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Good & Evil, Incorporated


Art Of The Boss Battle

[comment author="DevP"]I'm not sure where this will go; until this evolves (or is written) into a full article, perhaps we'll just collect advices?[/comment]

[comment author="Rose"]Seems reasonable to just leave it here, for now.[/comment]

A Good Defense is a Mighty Offense

by DevP

I was playing my WWII Superspys game a few months back, and I was giving the players their first Nemesis battle. To make things easy, I had some pretty low traits and only 1 Chi on the boss's side. To make things balance, I figured that this boss - a wily Austrialian with a steel boomerang and a whip - would be playing defense.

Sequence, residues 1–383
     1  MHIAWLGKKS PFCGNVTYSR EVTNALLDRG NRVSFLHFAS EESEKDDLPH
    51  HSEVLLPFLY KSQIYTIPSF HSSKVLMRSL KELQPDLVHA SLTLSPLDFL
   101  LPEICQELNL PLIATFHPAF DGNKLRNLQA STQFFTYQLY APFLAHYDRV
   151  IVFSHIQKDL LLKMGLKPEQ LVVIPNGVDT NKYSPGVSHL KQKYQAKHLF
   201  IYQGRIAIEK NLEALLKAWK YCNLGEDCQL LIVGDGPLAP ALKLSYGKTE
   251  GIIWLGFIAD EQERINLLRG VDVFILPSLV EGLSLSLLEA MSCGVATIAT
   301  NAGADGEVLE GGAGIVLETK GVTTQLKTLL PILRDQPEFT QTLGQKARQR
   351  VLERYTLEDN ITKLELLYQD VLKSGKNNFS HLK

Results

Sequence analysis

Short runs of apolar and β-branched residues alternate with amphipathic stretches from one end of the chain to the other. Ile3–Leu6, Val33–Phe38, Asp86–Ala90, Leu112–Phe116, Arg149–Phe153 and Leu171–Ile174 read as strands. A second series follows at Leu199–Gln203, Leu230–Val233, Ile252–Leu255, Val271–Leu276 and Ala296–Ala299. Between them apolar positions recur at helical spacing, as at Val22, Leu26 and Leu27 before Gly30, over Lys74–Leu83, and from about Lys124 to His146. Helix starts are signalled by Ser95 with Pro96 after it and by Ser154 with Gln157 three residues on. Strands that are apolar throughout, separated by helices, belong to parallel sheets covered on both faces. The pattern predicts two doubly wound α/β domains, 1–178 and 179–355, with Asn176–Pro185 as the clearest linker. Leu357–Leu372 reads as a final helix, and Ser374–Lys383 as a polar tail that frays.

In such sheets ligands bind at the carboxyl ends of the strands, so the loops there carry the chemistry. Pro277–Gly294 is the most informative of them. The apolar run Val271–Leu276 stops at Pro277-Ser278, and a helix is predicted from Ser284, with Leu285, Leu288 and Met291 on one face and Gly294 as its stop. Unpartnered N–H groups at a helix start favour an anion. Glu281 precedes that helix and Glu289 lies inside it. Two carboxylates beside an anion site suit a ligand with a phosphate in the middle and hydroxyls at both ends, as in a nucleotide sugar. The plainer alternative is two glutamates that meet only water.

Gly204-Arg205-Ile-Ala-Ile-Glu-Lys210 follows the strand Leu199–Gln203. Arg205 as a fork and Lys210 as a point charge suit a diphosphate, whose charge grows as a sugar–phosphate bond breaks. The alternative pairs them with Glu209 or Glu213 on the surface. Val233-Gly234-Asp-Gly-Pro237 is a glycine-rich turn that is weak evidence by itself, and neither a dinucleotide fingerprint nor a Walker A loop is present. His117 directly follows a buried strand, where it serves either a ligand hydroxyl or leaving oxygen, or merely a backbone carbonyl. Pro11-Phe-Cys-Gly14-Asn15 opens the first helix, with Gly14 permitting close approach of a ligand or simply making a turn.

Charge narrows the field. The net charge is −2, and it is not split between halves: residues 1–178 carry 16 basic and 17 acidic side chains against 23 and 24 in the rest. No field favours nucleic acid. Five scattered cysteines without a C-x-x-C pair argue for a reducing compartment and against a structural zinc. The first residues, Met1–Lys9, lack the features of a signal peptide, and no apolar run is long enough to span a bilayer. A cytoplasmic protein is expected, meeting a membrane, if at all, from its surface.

Wow. Wow. Starting off with a 1d/5d split to Offense & Defense, but later doing a 2d/4d and eventually a 3d/3d split, it took the players an excruciatingly long time to win out. Defense is potent stuff in the hands of a Nemesis and a sturdy GM.

Taking a Cue from Video Games

by DevP

Some friends were talking about MegaMan (in the context of a Mega Man LARP) and describing some rather annoying characteristics from bosses, namely that they worked in ornery but predictable patterns (jump, slide, duck, super-bomb, run, repeat). This is a beloved aspect of classic platform gaming.

I realized that this could be a creative tool for Wushu GMs. Although the dice-building narrations should be very dynamic, the GMs could pre-define their boss with a pattern to how they plan on splitting their dice pools. (ex: Victor von Snerk will divide offense and defense as: 4d/2d, 4d/2d, 6d/0d, 1d/5d, repeat). This should really just be a guide, not a rule (and probably disregarded for the truly awesome Nemeses), but I'll bet many players would get a kick out of trying to work around the boss's pattern.

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Page last modified on April 22, 2022, at 06:17 PM